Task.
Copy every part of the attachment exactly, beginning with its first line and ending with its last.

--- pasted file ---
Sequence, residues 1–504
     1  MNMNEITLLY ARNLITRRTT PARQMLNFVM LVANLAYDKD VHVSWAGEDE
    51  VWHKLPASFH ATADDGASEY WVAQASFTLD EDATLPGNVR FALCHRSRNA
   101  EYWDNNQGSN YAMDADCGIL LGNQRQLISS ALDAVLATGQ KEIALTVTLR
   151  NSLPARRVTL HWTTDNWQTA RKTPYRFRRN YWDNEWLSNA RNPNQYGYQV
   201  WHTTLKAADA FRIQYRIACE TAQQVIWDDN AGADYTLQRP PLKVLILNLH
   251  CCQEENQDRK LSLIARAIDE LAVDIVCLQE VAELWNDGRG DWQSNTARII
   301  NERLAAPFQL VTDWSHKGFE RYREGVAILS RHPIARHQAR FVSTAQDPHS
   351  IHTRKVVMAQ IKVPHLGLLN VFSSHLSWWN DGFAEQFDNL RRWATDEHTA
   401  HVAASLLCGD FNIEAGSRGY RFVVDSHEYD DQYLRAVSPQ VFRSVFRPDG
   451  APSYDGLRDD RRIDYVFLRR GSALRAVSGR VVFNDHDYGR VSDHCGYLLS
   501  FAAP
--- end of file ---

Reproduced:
Sequence, residues 1–504
     1  MNMNEITLLY ARNLITRRTT PARQMLNFVM LVANLAYDKD VHVSWAGEDE
    51  VWHKLPASFH ATADDGASEY WVAQASFTLD EDATLPGNVR FALCHRSRNA
   101  EYWDNNQGSN YAMDADCGIL LGNQRQLISS ALDAVLATGQ KEIALTVTLR
   151  NSLPARRVTL HWTTDNWQTA RKTPYRFRRN YWDNEWLSNA RNPNQYGYQV
   201  WHTTLKAADA FRIQYRIACE TAQQVIWDDN AGADYTLQRP PLKVLILNLH
   251  CCQEENQDRK LSLIARAIDE LAVDIVCLQE VAELWNDGRG DWQSNTARII
   301  NERLAAPFQL VTDWSHKGFE RYREGVAILS RHPIARHQAR FVSTAQDPHS
   351  IHTRKVVMAQ IKVPHLGLLN VFSSHLSWWN DGFAEQFDNL RRWATDEHTA
   401  HVAASLLCGD FNIEAGSRGY RFVVDSHEYD DQYLRAVSPQ VFRSVFRPDG
   451  APSYDGLRDD RRIDYVFLRR GSALRAVSGR VVFNDHDYGR VSDHCGYLLS
   501  FAAP